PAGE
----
This week’s featured content is MobileWhack. It’s a new site dedicated to tweaks, hacks, and hints on how to extend the phone, PDA, music player, and/or any other gadget you might carry around in a pocket. The content is released under a Creative Commons license and if you’re a gadget freak, I can assure you there is at least one new piece of software or tip you can use if you check MobileWhack out.2 Comments »
Challenged developers have been hard at work since:
- Nathan Yergler has created mozCC, an extension for Mozilla-based browsers that reads and displays CC metadata as you browse.
- In addition to creating mozCC and fixing ccValidator bugs, the amazing Nathan Yergler is working on ccRdf, a Python library for CC metadata.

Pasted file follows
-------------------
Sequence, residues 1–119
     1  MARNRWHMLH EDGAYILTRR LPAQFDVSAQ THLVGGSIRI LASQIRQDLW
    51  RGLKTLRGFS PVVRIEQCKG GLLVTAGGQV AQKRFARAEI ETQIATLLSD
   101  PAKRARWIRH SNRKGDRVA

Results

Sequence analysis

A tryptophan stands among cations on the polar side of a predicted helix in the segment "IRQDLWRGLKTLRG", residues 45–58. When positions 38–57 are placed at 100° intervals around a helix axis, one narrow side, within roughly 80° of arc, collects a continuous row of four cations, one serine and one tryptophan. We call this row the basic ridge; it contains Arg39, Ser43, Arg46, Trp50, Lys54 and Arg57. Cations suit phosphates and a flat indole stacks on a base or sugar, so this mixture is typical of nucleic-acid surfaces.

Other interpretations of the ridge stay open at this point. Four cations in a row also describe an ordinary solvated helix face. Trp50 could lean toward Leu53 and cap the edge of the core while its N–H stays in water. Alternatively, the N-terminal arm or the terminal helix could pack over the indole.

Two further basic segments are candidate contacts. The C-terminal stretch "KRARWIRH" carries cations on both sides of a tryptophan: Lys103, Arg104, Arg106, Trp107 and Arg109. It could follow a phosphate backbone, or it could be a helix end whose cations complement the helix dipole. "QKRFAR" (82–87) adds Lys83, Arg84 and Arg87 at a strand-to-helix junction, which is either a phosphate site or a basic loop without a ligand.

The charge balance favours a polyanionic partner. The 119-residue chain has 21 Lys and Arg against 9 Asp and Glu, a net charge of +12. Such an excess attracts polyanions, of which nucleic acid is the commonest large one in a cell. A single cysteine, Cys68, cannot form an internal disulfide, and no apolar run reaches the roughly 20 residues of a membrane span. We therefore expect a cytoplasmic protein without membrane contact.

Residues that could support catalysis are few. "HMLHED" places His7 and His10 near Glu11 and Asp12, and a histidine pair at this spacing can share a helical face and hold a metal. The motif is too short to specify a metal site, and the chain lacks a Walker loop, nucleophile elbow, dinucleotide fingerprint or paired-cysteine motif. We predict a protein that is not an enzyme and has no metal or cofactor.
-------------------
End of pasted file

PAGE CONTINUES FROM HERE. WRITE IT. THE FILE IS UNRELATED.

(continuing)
- Steve Griffin has created a C# library for CC metadata.
- Lucas Gonze has created a spec for embedding CC metadata in SMIL.
Congratulations and thanks to Nathan, Steve, and Lucas! There are more challenges to take on, including many we don’t yet know about. Post about your work and ideas here or on the cc-metadata mailing listComments Off on Tech Challenges Update: Mozilla, Python, C#, SMIL
Today’s a big day for annoucements at Creative Commons. Earlier today in Tokyo, Japan, the launch date of iCommons Japan was finalized and we have turned on automatic Japanese translation for our current license system. Starting next month, we will be offering optional licenses that apply to laws within the Japanese jurisdiction
Even bigger news is that the Brazilian government has commited to releasing code created with public funding as free software using the new CC-GPL, or Creative Commons Gnu General Public License. The CC-GPL will improve upon the existing GPL by adding in our interface of Commons Deeds and embedded metadata. The CC-GPL page is now offered from our license page, in Brazilian Portugese only for now, but soon will also be available in English.Comments Off on CC-GPL, Brazil, and iCommons Japan